I visited the Old Courthouse Museum in Sioux Falls, SD, last week and enjoyed its newest exhibit, Historic Purse-onality. It was very interesting to see how the function of purses changed through the decades and how the function affected the appearance, especially the size, of purses. It was also interesting to see how the function of purses was affected by the changing roles of women.
Several hundred years ago, men carried their money pouches on the outside of their clothing, but women had pockets under their clothing. The pockets were private and hidden.
Then the reticule–a tiny bag women carried outside their clothing–came into fashion during the 18th Century. The reticules were controversial at first because some felt the reticules were still part of female undergarments. Eventually, purses became a symbol of femininity and necessary for well-dressed women. Now, purses, as well as pockets, are used by both men and women.
Why the change? In part, the changing role of women.
At one time, husbands controlled the money, so in the 1800s, women’s purses may have carried a mirror, an early form of an appointment calendar, a fan, opera glasses, and a pistol. But as wives began to have more control of the family marketing, and began to earn money, women needed a place to carry money, cosmetics, hygiene products, and work-related items. The purses grew larger.
Now we carry tablets, phones, items for baby and children, cosmetics, work papers, keys, self-defense tools, etc. And some of our purses are huge.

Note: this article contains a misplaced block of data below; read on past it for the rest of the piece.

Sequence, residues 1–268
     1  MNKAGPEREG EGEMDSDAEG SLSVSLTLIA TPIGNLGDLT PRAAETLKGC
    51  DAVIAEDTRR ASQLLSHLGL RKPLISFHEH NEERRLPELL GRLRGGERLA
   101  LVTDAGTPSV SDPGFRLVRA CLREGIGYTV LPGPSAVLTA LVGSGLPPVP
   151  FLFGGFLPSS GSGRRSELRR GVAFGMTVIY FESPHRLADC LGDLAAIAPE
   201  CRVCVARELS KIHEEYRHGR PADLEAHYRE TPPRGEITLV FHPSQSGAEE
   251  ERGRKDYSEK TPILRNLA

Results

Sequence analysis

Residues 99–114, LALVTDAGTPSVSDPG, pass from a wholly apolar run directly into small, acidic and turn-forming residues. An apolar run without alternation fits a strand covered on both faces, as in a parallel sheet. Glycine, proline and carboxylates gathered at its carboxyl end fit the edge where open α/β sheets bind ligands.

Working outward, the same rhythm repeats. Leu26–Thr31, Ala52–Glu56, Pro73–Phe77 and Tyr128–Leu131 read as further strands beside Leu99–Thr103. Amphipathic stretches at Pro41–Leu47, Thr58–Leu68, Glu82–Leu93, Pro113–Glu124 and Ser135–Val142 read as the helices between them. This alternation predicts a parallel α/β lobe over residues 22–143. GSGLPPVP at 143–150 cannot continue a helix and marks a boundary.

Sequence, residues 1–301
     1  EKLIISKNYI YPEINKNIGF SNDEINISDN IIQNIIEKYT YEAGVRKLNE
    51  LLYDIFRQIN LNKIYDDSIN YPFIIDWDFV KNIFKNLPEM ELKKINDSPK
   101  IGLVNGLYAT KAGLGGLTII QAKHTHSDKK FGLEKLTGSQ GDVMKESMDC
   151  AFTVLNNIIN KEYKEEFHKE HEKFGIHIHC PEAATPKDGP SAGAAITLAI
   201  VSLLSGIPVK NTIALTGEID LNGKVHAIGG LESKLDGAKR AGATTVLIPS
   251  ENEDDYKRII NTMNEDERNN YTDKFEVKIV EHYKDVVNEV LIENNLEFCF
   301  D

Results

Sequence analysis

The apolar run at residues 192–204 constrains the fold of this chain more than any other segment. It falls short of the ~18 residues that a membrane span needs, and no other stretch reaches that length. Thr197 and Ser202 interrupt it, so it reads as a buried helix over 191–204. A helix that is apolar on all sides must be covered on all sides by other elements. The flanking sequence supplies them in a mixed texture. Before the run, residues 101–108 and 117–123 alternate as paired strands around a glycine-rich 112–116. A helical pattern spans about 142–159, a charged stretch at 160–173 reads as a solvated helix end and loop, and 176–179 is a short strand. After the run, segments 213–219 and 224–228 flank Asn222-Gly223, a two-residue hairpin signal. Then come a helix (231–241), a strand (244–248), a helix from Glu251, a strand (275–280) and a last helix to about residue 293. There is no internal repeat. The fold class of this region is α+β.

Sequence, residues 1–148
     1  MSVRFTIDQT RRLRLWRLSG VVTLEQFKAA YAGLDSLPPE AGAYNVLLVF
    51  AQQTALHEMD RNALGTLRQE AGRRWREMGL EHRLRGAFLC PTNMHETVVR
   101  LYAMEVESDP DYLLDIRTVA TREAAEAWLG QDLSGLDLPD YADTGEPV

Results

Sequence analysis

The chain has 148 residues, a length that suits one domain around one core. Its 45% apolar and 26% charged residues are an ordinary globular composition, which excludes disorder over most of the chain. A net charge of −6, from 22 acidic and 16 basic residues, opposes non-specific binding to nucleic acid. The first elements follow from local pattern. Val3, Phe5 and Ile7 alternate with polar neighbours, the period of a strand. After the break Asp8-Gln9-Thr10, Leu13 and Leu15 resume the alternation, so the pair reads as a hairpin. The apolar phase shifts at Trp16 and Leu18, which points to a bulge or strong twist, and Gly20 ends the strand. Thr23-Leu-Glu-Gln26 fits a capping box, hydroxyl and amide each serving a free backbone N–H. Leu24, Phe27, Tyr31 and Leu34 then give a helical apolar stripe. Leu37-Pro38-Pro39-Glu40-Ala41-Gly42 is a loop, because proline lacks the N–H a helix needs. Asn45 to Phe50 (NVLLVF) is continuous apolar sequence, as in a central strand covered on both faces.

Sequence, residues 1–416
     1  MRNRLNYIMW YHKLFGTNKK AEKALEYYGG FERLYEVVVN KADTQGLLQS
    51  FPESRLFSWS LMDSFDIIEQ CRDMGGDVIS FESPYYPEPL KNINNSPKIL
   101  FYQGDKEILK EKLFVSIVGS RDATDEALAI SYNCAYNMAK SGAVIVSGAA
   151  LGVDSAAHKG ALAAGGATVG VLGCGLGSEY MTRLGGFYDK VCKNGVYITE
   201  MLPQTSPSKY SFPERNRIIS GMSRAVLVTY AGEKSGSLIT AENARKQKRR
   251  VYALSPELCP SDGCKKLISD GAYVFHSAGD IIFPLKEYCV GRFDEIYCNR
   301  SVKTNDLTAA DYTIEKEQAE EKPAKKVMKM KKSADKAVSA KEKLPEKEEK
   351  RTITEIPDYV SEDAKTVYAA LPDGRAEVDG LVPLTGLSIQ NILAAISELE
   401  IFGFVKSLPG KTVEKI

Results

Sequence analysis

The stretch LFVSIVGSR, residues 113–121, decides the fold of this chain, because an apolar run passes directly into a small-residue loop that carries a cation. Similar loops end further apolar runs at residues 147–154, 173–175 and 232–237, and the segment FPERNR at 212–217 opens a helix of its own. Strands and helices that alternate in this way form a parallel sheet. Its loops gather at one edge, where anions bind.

Not only did the size and shape of purses change through the years, but so did the materials used and the manner of their production. At first the reticules were seamstress-made or homemade (fabric, beaded, embroidered, knitted/crocheted, etc.). They were made to be beautiful and functional and, I’m sure, also reflected the personality of the maker &/or wearer. Now, factory-made purses are the norm, and designer-labeled purses can cost hundreds of dollars. I think, though, there have been recurring times when homemade purses were in vogue, especially the 1960s and 70s.
In the last 125 years or so, purses may have also been made of leather, exotic animal leather, metal, plastics, and a variety of fabrics.
At times, a woman might have only one or two purses. Sometimes women had a purse to match each outfit. Now, it seems, women like to have a variety of purses, to change with seasons or functionality needs.
In the Harry Potter books, my favorite object is Hermione’s magic purse. A small reticule-style purse, it carries whatever Hermione put in it, yet the purse stays the same size and weight. She carried lots of books, medicine, a tent, clothing, and a ton of camping gear. The even more amazing thing is that she could always find what she needed.
I saw several purses like that in the exhibit. No, they weren’t magic. But their expanding metal opening reminded me of how wonderful Hermione’s purse was.
Men have begun carrying bags again, thanks to tablets, etc. and briefcases seem to be out-of-date. Now they often carry messenger-style bags.
I love purses, and I love multiple styles. I’m fairly short, so I tend to like medium-size, cross-body styles for hands-free usage. However, I often carry a reading book and writing supplies, so I like the practicality of a tote-style purse–even if they do get heavy.